Propidium iodide (PI) is a popular red-fluorescent nuclear and chromosome counterstain. Since propidium iodide is not permeant to live cells, it is also commonly used to detect dead cells in a population.
PI binds to DNA by intercalating between the bases with little or no sequence preference. In aqueous solution, the dye has excitation/emission maxima of 493/636 nm. Once the dye is bound, its fluorescence is enhanced 20- to 30-fold, the fluorescence excitation maximum is shifted ∼30–40 nm to the red and the fluorescence emission maximum is shifted ∼15 nm to the blue, resulting in an excitation maximum at 535 nm and fluorescence emission maximum at 617 nm.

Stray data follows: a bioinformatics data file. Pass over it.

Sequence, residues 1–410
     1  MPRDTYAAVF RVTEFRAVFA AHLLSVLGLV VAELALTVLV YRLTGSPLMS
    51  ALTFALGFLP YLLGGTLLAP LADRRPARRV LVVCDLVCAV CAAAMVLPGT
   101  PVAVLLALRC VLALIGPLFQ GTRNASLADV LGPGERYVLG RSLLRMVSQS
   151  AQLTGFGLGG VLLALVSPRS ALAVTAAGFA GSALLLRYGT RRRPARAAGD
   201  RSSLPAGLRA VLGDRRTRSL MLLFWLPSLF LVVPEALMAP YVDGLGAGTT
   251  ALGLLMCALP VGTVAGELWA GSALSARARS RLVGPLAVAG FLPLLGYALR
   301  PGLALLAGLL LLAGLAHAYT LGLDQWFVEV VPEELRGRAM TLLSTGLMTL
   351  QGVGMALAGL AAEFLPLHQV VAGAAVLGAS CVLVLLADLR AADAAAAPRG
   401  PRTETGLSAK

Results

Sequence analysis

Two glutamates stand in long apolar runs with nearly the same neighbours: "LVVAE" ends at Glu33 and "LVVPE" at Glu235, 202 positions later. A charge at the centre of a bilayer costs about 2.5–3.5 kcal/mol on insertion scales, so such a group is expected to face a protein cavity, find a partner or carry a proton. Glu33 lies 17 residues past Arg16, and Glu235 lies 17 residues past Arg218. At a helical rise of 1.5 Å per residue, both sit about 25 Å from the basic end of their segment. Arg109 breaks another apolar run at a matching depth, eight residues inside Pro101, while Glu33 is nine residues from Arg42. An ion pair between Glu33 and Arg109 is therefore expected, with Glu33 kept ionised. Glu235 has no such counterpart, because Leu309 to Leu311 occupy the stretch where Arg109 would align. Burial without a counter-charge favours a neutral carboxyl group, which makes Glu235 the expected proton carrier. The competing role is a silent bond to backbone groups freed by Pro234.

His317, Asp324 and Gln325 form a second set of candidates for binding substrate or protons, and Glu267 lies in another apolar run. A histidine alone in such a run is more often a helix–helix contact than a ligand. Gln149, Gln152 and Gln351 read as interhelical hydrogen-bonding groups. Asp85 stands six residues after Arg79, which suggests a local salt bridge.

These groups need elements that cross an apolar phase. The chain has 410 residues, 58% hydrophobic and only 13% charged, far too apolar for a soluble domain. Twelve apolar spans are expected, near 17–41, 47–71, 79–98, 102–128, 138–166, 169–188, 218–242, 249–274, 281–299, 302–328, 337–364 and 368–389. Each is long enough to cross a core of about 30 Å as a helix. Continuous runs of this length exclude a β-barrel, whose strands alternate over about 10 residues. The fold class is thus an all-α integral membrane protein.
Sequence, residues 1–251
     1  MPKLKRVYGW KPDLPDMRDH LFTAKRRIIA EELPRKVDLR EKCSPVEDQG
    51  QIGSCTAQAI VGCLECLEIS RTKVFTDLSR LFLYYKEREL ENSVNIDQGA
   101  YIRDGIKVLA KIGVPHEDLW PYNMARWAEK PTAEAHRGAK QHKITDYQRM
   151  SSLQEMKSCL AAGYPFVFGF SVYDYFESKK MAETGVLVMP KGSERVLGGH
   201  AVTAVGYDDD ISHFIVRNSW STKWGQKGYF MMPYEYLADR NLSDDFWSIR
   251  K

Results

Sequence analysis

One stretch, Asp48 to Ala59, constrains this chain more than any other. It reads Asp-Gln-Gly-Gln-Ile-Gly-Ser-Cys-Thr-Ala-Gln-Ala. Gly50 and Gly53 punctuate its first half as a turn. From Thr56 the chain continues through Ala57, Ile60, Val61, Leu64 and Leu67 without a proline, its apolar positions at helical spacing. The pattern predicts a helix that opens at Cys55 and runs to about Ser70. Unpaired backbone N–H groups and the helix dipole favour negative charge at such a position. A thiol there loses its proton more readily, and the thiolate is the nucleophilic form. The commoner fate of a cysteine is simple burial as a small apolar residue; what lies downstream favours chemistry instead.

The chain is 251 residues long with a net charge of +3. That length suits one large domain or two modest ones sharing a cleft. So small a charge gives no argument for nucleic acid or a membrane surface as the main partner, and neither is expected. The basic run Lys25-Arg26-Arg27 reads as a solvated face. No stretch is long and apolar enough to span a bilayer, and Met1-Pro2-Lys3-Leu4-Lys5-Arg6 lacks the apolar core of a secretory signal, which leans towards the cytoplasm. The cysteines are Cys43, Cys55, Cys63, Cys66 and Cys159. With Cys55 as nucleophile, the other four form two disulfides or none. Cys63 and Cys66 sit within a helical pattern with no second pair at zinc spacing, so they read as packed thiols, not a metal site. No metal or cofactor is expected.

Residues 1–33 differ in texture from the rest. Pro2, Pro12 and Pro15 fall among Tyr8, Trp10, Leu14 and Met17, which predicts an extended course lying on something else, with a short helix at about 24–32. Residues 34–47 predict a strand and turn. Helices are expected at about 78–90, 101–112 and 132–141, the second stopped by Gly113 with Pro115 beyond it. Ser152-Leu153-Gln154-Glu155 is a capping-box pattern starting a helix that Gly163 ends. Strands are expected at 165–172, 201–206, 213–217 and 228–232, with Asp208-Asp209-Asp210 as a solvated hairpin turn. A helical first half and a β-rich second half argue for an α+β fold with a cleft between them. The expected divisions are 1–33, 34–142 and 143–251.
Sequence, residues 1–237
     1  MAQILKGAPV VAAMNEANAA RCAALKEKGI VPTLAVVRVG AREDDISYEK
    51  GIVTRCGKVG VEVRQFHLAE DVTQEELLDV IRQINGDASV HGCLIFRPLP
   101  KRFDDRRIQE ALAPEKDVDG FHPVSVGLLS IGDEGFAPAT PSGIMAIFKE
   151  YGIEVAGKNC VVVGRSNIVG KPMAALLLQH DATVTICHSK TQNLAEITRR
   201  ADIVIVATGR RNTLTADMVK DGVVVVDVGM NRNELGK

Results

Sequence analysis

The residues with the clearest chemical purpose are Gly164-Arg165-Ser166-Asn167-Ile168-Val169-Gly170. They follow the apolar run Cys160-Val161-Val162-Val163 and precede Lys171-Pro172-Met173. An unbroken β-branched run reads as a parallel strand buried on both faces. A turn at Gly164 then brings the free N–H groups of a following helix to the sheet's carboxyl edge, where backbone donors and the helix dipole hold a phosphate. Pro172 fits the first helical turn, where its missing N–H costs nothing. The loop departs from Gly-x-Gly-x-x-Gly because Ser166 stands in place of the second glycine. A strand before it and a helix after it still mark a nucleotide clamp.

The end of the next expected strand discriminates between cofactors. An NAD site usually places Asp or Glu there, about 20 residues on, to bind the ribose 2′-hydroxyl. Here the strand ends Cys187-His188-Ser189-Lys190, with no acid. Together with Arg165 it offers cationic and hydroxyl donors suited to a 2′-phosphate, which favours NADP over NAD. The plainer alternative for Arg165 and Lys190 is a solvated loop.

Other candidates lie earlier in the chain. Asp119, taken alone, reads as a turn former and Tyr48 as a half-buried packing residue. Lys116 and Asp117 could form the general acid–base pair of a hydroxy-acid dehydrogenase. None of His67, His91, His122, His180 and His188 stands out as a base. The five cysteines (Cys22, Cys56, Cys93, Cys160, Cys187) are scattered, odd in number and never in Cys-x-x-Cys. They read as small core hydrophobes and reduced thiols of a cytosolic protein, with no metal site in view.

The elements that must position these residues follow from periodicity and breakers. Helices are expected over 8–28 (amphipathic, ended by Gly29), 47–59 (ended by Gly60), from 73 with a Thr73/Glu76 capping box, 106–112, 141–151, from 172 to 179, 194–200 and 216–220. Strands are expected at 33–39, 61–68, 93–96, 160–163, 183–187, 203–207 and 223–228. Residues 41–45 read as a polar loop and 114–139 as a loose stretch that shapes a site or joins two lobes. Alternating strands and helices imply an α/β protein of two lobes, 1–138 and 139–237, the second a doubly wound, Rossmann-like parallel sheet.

PI is widely used in fluorescence microscopy, confocal laser scanning microscopy, flow cytometry, and fluorometry.
Jurkat human T cell leukemia cells. Alexa Fluor 488 annexin V and propidium iodide.
Lightly fixed adult zebrafish intestine stained with the substrate contained in the ELF® 97 Endogenous Phosphatase Detection Kit.
A human pancreatic islet stained with Newport Green™ DCF diacetate and propidium iodide.
Drosophila ovarian egg chamber.
Human keratinocytes. Fluorescein concanavalin A and propidium iodide.
Detection of proliferation in Wil2S Lymphoma B cells
A cryostat section through adult zebrafish kidney that was incubated with the ELF® 97 phosphatase substrate in our ELF® 97 Endogenous Phosphatase Detection Kit and counterstained with propidium iodide.